First off, let me make some grand excuse for abandoning my blog while my poor computer is in the shop. I’ve taken to borrowing my husband’s computer when he’s not using it. I feel like a crackhead begging a taste.
It’s now officially October and that means that I am once again on a read-through of Harry Potter. Those books are sort of a hot bubble bath for my psyche. I don’t read them exclusively, but pick them up for a chapter or three when I need that unique sense of comfort and escape I find there.
I was reading through the first part of the first book and was once again reminded of how much I fell in love with the books when reading about Harry’s horrible treatment at the hands of the Dursleys. I had been wary about reading the series (this was back in 2000) because of all the press Rowling had gotten. In my Evangelical world Harry Potter had a rep for being an instruction manual for witchcraft. A friend had given my husband a copy of Sorcerer’s Stone which then promptly sat behind his desk for months. I was just sure that it was a sort of evil that didn’t need to be trifled with. I often contemplated throwing it out, but wasn’t sure if Steven wanted it back. In my mind it was still someone else’s property. That, coupled with the fact that it was a book and my mother trained me to NEVER throw out a book, saved the aging, yellowed paperback from a landfilly fate.
Enter the bank. In February of 2000 I had taken a job at a local bank and began what I still consider to be the worst ten months of my life. Nothing about that job was good, and it was all made worse by the fact that I clearly didn’t fit in there. Instead of quiitting, as I should have done, I stayed and was miserable. I escaped that misery by coming home every night and diving into rivers of fiction to stay afloat. I fell in love with long series of continuing characters. Because I was so surrounded by hateful people all day I sought out works where I could be around a sort of surrogate family. I reread a bunch of Kellerman mysteries and from there made it to Laurie R. King’s Mary Holmes books. I had a huge sense of loss when I finished the last of those and looked for another fake family to join.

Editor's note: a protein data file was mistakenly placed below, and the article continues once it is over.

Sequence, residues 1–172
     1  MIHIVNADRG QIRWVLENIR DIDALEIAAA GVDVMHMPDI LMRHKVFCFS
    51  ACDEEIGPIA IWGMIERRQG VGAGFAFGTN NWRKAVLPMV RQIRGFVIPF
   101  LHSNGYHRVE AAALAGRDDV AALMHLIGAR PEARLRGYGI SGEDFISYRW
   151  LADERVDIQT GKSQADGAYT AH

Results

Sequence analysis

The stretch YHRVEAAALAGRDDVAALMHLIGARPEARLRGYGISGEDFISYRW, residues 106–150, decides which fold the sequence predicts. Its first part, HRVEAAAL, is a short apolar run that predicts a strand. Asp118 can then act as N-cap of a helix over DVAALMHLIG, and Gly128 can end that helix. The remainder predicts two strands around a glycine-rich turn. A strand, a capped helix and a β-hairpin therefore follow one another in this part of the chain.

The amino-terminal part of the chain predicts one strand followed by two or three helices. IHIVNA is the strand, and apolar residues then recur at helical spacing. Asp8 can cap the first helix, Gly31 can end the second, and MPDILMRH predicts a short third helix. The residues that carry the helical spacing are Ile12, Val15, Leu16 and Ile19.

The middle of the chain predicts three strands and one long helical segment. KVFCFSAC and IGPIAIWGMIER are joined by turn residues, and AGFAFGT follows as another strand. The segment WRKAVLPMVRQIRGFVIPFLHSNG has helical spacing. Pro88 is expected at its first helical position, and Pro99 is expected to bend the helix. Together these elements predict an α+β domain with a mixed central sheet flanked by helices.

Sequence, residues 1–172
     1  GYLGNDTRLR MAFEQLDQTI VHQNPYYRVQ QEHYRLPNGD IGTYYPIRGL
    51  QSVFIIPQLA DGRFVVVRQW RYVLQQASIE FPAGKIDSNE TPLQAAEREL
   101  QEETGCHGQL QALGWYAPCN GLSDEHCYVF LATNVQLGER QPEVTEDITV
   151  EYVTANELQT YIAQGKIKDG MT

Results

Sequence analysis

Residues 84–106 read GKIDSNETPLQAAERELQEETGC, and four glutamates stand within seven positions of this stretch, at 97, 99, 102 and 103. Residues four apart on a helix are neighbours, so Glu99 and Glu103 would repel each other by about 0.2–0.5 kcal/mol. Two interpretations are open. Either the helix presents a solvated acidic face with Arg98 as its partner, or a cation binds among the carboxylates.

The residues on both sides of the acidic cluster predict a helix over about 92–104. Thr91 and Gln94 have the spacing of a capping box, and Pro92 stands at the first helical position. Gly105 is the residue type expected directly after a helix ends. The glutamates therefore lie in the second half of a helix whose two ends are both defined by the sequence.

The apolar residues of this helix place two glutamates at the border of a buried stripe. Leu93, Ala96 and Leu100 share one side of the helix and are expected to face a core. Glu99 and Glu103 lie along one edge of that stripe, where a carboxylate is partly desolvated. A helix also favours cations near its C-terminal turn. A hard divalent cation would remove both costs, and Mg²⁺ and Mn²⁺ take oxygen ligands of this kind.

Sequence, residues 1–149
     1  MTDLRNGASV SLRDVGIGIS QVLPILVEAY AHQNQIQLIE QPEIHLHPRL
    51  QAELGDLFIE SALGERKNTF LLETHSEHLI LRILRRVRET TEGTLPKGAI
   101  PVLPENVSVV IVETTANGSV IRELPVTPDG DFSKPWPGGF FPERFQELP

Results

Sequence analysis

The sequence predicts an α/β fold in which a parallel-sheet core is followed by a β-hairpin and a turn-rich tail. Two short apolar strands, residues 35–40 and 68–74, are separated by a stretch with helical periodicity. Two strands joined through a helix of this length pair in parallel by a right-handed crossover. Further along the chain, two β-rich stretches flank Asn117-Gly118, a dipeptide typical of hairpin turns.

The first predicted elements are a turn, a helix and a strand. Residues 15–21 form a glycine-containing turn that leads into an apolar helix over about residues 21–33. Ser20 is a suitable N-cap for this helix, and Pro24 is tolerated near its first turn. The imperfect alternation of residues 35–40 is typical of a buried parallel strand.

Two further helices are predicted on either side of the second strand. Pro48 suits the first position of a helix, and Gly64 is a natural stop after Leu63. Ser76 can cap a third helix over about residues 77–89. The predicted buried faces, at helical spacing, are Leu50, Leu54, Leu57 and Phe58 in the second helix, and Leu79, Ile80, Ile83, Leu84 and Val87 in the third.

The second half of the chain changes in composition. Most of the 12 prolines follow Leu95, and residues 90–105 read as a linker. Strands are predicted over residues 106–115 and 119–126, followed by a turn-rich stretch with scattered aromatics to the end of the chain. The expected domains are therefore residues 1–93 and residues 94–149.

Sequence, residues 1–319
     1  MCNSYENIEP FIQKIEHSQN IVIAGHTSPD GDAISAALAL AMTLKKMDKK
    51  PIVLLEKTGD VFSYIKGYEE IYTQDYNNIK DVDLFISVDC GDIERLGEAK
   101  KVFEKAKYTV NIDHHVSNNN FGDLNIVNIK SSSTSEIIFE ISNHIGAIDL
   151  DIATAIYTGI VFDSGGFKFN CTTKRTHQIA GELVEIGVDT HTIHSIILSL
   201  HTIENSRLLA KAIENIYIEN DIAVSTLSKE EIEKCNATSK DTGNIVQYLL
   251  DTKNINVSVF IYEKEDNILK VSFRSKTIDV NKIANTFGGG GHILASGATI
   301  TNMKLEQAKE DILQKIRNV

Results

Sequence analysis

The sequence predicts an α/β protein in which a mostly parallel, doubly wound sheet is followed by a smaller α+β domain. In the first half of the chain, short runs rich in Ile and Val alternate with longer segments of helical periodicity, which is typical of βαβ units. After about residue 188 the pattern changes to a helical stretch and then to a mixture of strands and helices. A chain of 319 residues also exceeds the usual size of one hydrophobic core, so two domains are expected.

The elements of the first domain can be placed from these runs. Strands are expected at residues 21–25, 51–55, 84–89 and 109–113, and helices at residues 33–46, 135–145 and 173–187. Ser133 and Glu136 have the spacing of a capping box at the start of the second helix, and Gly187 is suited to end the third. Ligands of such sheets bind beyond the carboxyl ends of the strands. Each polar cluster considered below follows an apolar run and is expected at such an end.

Nervously, reluctantly and with large reservation I picked up the little copy of the book I was afraid of. I talked through my rationalisation to my husband. I prayed about it. And I dove in. Right away I was curious, but then when Orphan Harry reminded me so much of that passage in Les Miserables where we see just how awfully Cosette is treated before ValJean rescues her I was enthralled. That little piece of story where the forlornly apologetic ValJean buys the doll for the battered girl and shows down her caretakers has always been one of my favourite passages. Hagrid rescuing Harry from the Dursleys has that same resonant magic.
Ever since then I’ve been hooked. At least once in every book it seems that Rowling has loved the books I’ve loved, as she’s put pieces of them in her stories. I’ve never once, since that summer nine years ago, found anything questionable, unorthodox or evil in these stories. I HAVE found many Christian teachings and deeper philosophies explained well. The seven books together work as a primer on how to deal with death and loss. They show ordinary people how to cope with the ordinary extraordinariness of pain. I found them to be a great solace at the darkest point in my life and a comforting friend since then.